The blues are also well-represented, with the Blues Brothers tribute act Shades of Blues and local favorites Shane Johnson's Blue Train. Johnson and his band, of course, don't normally feature horns, but they add that special ingredient for this festival.

Fans of rock music should delight with returning acts Fenster and Johnny Socko. Johnny Socko is a food processor of rock and roll, blending pretty much every trend of the past decade into something that has a lot of ingredients but looks and sounds pretty pure. This is by no means a group for the ages, but it is a great party band. Fenster was part of last year's lineup and was one of my favorites, focusing on horn-accented alternative rock but versatile beyond belief, equally at home with pop perfection and noise rock.

And for something a little closer to the mainstream, you can't beat the Voodoo Kings, who play a style of roots rock music informed by funk that never wanders too far from home but isn't afraid of anything, including some distorted guitar work ripped from alt-rock bands. Unlike alternative bands that polish away the rough edges and become pure pop, the Voodoo Kings excel because they add the edge.

And then there are The Toasters, an honest-to-goodness ska band that's more than 20 years old. While not very well known, the band is considered a pioneer, laying the undergroundwork for mid- to late-'90s ska-revival bands such as The Mighty Mighty Bosstones and Sublime. As Fowler said, people who attend the festival will "love the band once they hear them." The All Music Guide proclaims The Toasters to be "one of the most important American ska bands."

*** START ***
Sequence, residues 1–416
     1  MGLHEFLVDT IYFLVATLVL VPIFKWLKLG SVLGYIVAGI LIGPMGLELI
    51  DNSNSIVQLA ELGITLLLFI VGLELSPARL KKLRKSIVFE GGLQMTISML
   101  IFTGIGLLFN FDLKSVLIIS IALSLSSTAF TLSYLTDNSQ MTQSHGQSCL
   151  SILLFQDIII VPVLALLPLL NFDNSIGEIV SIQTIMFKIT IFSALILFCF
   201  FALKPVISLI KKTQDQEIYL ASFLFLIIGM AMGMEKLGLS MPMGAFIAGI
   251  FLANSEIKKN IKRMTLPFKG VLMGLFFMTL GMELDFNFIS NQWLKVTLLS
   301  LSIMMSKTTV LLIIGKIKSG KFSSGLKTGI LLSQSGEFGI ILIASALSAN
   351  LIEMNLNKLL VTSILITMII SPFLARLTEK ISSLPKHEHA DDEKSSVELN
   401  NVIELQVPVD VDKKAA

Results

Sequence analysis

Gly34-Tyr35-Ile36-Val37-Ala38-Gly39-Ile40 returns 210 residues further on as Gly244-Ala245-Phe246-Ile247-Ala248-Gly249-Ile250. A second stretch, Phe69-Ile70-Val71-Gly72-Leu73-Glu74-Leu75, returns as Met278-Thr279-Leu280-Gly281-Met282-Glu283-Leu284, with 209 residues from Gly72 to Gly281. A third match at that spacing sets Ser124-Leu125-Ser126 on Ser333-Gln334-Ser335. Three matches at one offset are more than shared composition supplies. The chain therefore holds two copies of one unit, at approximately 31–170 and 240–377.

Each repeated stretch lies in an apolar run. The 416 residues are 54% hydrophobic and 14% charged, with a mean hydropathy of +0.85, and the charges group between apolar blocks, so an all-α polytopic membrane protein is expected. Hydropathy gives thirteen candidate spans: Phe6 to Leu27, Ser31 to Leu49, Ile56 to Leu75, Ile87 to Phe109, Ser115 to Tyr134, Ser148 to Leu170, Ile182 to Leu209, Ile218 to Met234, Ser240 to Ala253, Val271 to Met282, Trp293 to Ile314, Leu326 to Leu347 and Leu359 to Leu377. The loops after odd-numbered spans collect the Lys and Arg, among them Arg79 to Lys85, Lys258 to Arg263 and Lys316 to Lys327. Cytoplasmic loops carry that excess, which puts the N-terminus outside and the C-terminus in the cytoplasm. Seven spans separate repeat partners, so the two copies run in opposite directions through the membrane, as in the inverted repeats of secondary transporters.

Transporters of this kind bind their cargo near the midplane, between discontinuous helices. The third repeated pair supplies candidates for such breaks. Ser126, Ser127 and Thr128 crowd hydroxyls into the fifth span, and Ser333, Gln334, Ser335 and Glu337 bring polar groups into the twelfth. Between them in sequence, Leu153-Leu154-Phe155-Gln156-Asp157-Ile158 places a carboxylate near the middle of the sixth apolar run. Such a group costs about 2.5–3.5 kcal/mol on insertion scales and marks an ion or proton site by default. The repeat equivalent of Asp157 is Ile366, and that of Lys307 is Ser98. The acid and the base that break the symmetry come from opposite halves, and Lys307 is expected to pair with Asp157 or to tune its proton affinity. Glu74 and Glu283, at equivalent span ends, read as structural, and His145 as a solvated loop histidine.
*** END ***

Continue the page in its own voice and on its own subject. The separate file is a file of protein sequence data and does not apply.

For all the longevity of The Toasters, there's one act in this lineup that's sure to beat it. Even though its leader and drummer is still in his early 20s, the local Josh Duffee Orchestra is a Big Band from another era, playing music from the first half of the 20th Century.

Although Hornucopia is just in its fifth year, The District has been hosting festivals for more than a decade, and Fowler said that a constant challenge has been the typical life cycle of festivals: They grow initially and then stabilize after five years, before losing attendance after eight years or so.

But that hasn't been true for The District. Since 1997, Fowler said, paid attendance has grown 50 percent at festivals in downtown Rock Island. Attendance for the past few years has been roughly 150,000 people. (Hornucopia will generally draw between 7,000 and 10,000 visitors, depending on the weather.)

Fowler doesn't expect an economy that continues to sputter or the shadow of war with Iraq to sap attendance. While those things tend to suck the life out of consumer activity, they actually might help festivals such as those put on by The District. "Festivals provide people a reason to celebrate," Fowler said.